My poetry is neither the chronicle of my sufferings nor the chronicle of my loves as many seem to believe. It does not contain the description of my marital status nor that of my accomplishments. It does not record my joys or my passions with the precision of a timeclock. It does not dwell in my sadness. Sadness is the place where I dwell when I write the word sea and I cannot understand its meaning the way Elytis understood it. I was not born in Hellada. I can use that as an excuse for my poetic inadequacies.
My poetry is that which comes from the realm of the unfulfilled. It is the echo of the waves that you can guess but cannot see because they are not born yet. It is the voice of the blood that dries on the feet of the prophets. It is the dream of my cheeks that you will never touch. My poetry is the body of a Sunday that forgot to put walnuts and cinnamon in its baklava. It is the promise of tomorrow.
Three years ago I bought a silver icon at an auction. The icon belonged to the M. family. They used to be one of the most preeminent families on the island of Crete. Hellada was tattooed in my non-Hellenistic soul by the will of my parents, not by mine. You cannot stage a coup against your own baptism when you are four months old.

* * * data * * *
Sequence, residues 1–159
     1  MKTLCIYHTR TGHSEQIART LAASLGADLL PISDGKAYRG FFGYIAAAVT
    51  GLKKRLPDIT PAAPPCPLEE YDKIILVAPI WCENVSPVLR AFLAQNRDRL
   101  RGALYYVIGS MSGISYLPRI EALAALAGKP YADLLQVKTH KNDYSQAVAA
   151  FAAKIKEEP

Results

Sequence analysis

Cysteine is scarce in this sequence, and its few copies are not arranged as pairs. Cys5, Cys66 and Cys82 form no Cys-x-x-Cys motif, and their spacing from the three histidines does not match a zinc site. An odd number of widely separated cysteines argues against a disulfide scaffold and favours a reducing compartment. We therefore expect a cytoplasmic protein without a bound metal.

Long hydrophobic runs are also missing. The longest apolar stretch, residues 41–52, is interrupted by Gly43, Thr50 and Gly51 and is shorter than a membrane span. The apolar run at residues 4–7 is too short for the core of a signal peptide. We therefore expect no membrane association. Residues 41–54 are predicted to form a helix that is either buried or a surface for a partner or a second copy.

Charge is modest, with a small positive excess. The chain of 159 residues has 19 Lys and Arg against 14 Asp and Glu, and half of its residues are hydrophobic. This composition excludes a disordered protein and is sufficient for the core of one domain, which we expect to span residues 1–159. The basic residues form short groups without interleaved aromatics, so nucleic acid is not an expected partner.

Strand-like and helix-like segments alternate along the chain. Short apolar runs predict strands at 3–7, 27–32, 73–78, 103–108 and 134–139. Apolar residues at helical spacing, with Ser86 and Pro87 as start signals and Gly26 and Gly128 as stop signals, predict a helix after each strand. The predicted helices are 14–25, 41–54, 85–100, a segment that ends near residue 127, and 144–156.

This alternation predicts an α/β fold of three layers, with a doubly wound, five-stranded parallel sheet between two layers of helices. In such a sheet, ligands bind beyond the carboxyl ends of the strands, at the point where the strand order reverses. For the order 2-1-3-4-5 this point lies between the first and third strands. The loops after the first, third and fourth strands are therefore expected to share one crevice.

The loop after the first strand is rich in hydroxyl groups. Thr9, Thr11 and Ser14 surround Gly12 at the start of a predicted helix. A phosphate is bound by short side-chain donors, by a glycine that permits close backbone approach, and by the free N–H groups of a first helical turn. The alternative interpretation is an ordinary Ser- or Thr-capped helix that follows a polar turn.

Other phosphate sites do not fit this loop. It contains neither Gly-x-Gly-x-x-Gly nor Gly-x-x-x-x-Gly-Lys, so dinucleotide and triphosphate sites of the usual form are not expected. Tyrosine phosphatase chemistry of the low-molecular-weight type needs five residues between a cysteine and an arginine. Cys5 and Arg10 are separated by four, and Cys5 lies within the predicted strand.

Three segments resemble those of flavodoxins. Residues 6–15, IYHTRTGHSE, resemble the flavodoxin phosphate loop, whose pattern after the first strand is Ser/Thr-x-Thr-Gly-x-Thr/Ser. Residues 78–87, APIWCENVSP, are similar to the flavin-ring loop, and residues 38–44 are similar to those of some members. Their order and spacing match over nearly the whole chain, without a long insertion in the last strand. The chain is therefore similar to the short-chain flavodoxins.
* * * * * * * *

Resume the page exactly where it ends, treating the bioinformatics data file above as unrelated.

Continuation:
I was in love in Hellada. So much for “Let’s fall in love in Spain.” Every time the church bells tolled, he, the one who loved me, used to bring me daffodils. One daffodil for each bell toll. When the church bells stopped tolling I had so many daffodils that I could not carry them anymore. I had to let them fall on the ground.
I ran and I took the first ship out of Piraeus.
Until this day he – the one who loves me – still waits for the girl that will keep his daffodils and marry him.
Of course, he does. There is always the promise of tomorrow. There is always my poetry and there is always one more night of passion.
@Gabriela Marie Milton